What do Taoism & Confucianism, history, and moments in time have to do with Chinese painting? The answer is everything. The Chinese painting reflects ethnicities and styles in different characters, flowers, birds, and landscape painting themes. Further, the painting is mainly associated with water-based methods as opposed to oils or acrylic. In this post, we will take a closer look at Chinese painting to highlight the three main things that you probably did not know:
Chinese Ink and Wash Painting
Taking a closer look at the top Chinese artworks by top collectors, such as John Dodelande, it is clear that traditions, history, style, and art are surrounded by ink and brush painting. The painting style was developed by Wei We during the Tang Dynasty. As the name suggests, ink and wash painting involved using pure ink and tools that closely resemble those used in calligraphy.
Ink and wash painting is famous because of its intricate gradation, especially in the use of black, gray, white, and variations of the artist’s brushstrokes. When using the painting method, artists relied on four noble subjects, including bamboo, orchid, plum blossom, and chrysanthemum, which are all plants. These four plants signify the four seasons and highlight the philosophy of Taoism that emphasizes harmony with nature.
Tang Landscape Painting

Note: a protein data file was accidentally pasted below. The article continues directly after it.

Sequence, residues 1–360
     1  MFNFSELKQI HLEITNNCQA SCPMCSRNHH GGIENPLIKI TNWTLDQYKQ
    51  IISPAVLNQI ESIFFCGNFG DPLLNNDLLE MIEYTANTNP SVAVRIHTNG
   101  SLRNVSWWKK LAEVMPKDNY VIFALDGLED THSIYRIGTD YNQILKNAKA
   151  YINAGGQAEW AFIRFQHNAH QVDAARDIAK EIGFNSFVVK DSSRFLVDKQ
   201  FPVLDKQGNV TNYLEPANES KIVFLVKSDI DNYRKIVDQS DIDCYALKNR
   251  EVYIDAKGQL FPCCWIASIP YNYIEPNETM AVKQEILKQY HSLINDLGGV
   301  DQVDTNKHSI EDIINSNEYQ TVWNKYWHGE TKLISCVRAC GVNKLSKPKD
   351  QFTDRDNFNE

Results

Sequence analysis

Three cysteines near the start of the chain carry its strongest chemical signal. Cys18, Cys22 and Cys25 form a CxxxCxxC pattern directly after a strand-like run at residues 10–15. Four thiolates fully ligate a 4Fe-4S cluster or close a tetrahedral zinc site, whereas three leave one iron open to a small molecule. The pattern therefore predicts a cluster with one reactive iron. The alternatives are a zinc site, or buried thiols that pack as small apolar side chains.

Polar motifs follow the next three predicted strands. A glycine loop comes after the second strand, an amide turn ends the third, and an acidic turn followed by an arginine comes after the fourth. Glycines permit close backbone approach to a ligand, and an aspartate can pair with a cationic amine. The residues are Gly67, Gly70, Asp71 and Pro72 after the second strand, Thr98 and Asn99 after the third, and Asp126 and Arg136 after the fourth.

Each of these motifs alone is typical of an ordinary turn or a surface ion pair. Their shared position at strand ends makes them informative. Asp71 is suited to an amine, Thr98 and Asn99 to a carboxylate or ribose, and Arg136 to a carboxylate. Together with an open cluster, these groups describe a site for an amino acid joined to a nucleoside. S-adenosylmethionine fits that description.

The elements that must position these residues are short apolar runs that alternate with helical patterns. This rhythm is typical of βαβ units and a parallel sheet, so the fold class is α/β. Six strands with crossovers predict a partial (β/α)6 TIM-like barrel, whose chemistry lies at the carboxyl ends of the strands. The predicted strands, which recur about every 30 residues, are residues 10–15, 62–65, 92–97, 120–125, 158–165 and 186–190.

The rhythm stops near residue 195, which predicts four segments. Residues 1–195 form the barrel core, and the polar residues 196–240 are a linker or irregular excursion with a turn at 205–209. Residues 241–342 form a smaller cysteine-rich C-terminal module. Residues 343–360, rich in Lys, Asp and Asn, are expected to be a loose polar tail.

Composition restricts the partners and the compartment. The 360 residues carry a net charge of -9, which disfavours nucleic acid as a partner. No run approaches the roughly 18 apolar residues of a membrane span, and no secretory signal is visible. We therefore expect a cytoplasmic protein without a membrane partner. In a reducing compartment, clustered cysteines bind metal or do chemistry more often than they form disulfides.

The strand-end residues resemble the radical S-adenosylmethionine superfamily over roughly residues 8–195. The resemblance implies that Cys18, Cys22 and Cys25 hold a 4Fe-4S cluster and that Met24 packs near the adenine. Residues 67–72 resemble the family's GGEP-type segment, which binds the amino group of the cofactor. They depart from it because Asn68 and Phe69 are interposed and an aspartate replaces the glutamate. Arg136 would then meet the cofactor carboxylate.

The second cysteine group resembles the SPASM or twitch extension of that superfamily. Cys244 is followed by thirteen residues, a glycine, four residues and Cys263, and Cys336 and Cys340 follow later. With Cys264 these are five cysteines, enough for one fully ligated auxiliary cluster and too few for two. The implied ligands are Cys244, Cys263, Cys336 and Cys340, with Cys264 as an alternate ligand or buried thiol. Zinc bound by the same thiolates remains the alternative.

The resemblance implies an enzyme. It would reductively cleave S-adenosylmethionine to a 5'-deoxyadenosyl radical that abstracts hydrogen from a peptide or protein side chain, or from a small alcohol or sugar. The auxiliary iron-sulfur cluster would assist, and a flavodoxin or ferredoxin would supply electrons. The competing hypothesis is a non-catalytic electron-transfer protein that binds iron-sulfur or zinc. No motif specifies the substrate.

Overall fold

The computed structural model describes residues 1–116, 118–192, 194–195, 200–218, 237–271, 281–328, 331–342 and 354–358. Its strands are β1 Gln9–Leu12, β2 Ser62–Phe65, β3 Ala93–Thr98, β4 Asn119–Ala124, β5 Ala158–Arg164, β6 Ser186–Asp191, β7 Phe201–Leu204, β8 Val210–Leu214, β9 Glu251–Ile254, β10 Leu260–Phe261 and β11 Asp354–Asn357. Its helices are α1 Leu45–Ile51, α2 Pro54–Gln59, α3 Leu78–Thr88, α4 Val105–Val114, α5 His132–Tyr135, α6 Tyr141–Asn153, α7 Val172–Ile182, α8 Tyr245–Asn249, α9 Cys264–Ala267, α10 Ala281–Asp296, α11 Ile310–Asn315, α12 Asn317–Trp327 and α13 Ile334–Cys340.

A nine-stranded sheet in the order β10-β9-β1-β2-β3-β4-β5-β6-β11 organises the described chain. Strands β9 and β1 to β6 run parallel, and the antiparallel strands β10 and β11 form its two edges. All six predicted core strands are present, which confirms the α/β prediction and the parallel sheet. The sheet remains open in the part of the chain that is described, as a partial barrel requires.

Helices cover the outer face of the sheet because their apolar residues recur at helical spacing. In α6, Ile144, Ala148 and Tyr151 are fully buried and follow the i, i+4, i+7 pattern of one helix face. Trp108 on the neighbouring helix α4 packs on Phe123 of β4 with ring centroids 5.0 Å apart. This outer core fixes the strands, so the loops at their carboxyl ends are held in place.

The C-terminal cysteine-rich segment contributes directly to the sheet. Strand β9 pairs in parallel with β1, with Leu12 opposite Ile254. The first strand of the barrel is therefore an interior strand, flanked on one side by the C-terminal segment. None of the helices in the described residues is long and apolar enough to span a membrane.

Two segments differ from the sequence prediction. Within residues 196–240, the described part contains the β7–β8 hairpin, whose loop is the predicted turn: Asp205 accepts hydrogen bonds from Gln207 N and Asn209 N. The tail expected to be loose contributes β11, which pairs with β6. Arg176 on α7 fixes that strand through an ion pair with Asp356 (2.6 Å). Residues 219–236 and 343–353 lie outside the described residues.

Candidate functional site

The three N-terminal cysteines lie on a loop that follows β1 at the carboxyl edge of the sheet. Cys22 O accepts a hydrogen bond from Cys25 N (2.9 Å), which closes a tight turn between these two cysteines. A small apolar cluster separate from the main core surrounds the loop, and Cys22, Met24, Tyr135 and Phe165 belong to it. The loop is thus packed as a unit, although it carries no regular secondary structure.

Landscape painting, which originated during the Tang age, is considered the most representative type of Chinese art. Around the eighth century, customs of landscape conduct started getting recognized. Indeed, the concept surpassed the famous objective of the quaint naturalism of Occident.
In traditional Chinese art, the term landscape was used to indicate water and mountains. However, the Chinese artists have, over time, tried to refine the concepts using ideas such as still waters, floating waters, and high mountains. In line with Taoist advisors who emphasized the need for spiritual identification and secret calm, artists incorporated the feelings of spirituality in the water and mountain paintings.
Color in Chinese Painting
When presenting Chinese sceneries, artists did not insist on the element of color. Instead, the faded wash was included in colorless paintings. However, it is important to appreciate that modulation used in Chinese ink was not considered as a form of modulation from the perspective of the Western intellect. The strong use of hue is evident in the Buddhist hanging portraits and woven silk in the official lobes.
The Chinese mural paintings reached a new level not achieved for embellished abundance in any other presentation in the world. According to Kuan-Yin, a Ming painting of 1551, a Ming painting of 1551, the strong linear interaction, regular change of characters, and uniqueness of Chinese art design with special color were perceived as achieved even when using incomplete structures.
If you are interested in Chinese paintings, they have a unique presentation that clearly differentiates them from western paintings. The things we have highlighted in this post are only a few of the unique presentations of Chinese painting. Other things you might want to check include Chinese roll painting and the connection between painting and calligraphy.